Get ideas for how you can "go green" in your home, school, or community.
3 - 12+
Earth Science, Experiential Learning
Photograph by Charcrit Boonsom, MyShot
Get ideas for how you can "go green" in your home, school, or community. Go beyond recycling and turning off lights—really work to make a difference.
Clean up an ocean beach or the beach of a lake or pond.
Fix Leaky Faucets
Watch for drips in any faucets in your home. Ask an adult to fix them.
Use Rechargeable Batteries
Recycle them when they can no longer be recharged.
Collect things you no longer use and clothes you've outgrown. Give them to charity.
Plant trees in your neighborhood or community.
Pick Up Trash
Clean up litter on your street.
Use Fluoresenct Lightbulbs
When traditional lightbulbs burn out, replace them with compact fluorescent lightbulbs.
Borrow Before Buying
Borrow books and movies from a local library instead of buying new copies.
During the holidays, recycle wrapping paper and ribbons. You can also wrap presents in the comics section of the newspaper.
Research ways to save water, such as watering the lawn early in the morning or late in the day, using drip irrigation, and using a bucket instead of a hose to wash the car.
Throw Out Harmful Products
Under the supervision of an adult, investigate how to safely use, store, and dispose of cleaning products, fertilizer, oil, and other harmful substances. What types of products are safe for the environment?
Inventory Your Family's Trash
Don't forget to wear gloves! Classify the trash by type, such as food, paper, or plastic. Make note of what could have been recycled or reduced somehow. Come up with suggestions to reduce your family’s trash production.
Play a Game
Gauge your greenness by playing the Human Footprint Interactive. You'll discover the impact of your choices and learn things like how many bananas you'll probably eat in your lifetime.
Pay Attention to Current Events
As you watch the news on television or read the newspaper, note issues that are related to conservation. How can you help?
Conserve Nonrenewable Resources
Have family members go from room to room creating a list of products. Then identify the resources used to make each product. Divide the resources into two categories: renewable and non-renewable. Have a family discussion about the use and conservation of products made from nonrenewable resources in your home.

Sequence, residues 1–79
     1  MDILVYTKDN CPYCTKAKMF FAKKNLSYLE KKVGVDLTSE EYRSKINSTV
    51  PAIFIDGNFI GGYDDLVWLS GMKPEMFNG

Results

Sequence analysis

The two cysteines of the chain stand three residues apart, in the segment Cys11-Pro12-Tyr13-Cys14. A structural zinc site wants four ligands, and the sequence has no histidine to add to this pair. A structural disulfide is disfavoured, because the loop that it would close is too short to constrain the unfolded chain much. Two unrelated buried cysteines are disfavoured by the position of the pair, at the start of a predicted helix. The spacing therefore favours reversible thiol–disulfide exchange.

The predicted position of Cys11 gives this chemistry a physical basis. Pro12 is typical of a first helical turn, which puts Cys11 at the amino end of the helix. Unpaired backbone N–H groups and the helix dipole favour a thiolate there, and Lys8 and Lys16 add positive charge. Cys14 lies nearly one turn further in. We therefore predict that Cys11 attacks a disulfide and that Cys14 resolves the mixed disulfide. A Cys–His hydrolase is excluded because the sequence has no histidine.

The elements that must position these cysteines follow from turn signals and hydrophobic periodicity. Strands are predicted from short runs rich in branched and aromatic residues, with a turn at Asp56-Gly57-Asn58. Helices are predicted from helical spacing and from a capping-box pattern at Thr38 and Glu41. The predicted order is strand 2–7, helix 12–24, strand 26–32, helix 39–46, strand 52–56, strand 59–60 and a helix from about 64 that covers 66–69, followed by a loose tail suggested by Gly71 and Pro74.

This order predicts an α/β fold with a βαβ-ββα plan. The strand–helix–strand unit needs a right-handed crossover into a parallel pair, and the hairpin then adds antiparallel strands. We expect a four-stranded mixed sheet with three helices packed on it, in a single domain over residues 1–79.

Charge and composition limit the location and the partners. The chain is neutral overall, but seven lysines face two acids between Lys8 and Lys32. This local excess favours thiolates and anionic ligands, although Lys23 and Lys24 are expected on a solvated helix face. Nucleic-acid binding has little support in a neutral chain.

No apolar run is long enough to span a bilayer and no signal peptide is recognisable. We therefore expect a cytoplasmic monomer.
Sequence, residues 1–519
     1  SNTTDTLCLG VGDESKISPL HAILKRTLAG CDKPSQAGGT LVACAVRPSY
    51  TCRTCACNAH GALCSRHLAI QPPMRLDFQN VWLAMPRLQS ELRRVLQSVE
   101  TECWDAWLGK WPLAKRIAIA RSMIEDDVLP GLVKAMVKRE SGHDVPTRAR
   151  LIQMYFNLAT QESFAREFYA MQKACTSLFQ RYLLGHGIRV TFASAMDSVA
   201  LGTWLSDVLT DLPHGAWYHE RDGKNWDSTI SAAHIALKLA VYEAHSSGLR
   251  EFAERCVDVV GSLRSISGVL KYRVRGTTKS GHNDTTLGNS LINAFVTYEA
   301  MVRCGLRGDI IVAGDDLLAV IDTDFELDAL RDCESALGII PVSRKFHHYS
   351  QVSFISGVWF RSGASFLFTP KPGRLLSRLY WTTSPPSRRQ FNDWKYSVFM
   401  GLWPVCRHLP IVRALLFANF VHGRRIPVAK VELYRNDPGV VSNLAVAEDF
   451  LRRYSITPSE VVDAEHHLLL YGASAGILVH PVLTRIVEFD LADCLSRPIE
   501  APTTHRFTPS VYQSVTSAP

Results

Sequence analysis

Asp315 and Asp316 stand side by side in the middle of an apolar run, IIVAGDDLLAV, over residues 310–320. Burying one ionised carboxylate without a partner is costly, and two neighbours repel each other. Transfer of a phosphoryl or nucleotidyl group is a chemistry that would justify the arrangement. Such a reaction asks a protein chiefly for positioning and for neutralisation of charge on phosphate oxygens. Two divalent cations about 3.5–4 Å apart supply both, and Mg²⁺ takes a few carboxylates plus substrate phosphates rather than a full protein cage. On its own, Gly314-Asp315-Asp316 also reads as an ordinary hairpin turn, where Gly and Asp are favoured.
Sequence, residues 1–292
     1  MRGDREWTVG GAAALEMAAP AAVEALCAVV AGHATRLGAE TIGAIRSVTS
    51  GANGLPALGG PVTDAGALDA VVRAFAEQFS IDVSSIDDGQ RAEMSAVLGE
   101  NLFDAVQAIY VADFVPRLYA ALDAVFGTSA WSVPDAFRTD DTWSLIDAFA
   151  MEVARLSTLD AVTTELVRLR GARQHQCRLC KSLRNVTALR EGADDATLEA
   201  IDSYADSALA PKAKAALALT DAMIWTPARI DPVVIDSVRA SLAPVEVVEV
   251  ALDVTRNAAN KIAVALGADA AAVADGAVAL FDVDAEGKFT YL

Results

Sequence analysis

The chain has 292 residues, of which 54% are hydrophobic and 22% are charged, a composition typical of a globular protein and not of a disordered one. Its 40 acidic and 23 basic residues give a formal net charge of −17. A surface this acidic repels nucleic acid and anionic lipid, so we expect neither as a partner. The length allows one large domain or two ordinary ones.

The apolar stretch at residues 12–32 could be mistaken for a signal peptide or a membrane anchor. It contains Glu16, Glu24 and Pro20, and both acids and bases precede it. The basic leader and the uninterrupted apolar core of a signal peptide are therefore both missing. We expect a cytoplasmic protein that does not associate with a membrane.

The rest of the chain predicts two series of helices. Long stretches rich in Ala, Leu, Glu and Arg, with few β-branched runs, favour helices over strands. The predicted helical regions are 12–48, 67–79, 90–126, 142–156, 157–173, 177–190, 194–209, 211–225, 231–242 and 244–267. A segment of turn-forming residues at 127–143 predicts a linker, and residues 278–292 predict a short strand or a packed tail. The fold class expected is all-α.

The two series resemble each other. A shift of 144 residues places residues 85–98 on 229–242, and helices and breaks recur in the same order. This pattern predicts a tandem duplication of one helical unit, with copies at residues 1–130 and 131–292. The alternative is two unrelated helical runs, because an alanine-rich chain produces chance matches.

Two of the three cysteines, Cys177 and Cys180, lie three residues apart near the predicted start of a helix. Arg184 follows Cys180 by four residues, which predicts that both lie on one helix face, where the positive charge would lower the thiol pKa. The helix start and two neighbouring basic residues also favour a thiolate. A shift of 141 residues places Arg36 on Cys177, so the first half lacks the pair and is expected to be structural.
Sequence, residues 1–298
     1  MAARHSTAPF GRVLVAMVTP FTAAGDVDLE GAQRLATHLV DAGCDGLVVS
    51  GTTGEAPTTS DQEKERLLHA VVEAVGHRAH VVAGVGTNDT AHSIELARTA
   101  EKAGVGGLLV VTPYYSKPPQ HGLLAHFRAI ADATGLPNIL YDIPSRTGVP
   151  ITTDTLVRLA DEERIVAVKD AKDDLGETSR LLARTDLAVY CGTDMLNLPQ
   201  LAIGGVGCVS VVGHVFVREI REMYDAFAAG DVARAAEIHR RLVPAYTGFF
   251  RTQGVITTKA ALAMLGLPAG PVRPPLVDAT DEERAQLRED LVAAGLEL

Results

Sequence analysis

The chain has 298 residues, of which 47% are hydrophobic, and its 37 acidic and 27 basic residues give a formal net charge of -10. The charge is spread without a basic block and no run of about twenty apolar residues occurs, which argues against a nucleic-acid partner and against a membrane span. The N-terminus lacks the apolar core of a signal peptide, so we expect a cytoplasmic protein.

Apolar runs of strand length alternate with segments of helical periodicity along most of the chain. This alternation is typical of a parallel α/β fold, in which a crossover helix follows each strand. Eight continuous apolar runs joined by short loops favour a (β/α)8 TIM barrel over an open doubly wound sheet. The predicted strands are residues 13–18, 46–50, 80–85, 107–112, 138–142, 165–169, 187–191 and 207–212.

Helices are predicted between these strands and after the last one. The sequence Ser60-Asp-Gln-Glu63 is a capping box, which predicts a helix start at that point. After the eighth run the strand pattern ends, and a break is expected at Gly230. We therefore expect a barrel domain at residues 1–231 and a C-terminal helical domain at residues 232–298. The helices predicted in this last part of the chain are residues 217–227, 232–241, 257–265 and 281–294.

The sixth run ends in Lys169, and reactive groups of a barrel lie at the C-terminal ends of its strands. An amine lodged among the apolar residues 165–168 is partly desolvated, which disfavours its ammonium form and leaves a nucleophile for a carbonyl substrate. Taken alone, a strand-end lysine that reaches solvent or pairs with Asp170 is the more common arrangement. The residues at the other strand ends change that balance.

Reduce Greenhouse Gas Emissions
Use the Environmental Protection Agency's Household Emissions Calculator to figure out how you can reduce your family's greenhouse gas emissions.
Plant shrubbery, trees, or other plants to help prevent erosion on hillsides or land without enough plant life to keep the dirt in its place.
Clean up a vacant parking lot or piece of land in your community.
Start a recycling program in your community.
With an adult, clean up a stream, river, or other body of water in your community.
Test the water and soil in and around your home.
Green Your Yard
Practice backyard conservation, such as planting vegetation, cleaning up green spaces, or hanging a bird feeder in the backyard.
Create a Compost Pile
In layers, add “wet” waste, such as kitchen scraps or grass clippings. Add “dry” waste, such as dry leaves or hay. Add some water as you go. Fruit and vegetable material is great for compost; never add raw meat, eggs, or human or pet waste. Consider getting worms to help with the project.
Start a School Recycling Program
Ask a teacher to help you get bins for recycling in the lunchroom. Ask the principal to buy recycled paper.
Calculate Your School's Daily Water Usage
Use this online tool to help. Start a school-wide campaign encouraging everyone to use less water.
Encourage your family to shop locally. Always bring reusable shopping bags to stores.
Keep the Mosquito Population in Check
Purchase small dark-colored fish NATIVE to your area and put them in any water plants or human-made ponds in your yard where mosquitoes lay eggs. The fish will eat the larvae, and no chemicals will be needed to prevent mosquitoes! NOTE: You should never introduce animals into non-manmade environments such as creeks or ponds.
Research Your Local Water Supply
How do the people who live upstream behave? Are they aware of those downstream, or do they contaminate the water? Do you do things that might pollute water for others? What are some steps your family could take to minimize its impact on air and water quality?
Before You Recycle, Upcycle
Take something that you would otherwise throw out and find a way to make it into something else that you can use. For example, make a bag with fabric from clothes you don't want. Or turn a broken bowl into a plant pot.
Instead of throwing away items such as margarine tubs, jelly jars, or milk cartons, think of other uses for them, like pots for house plants.
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May 20, 2022
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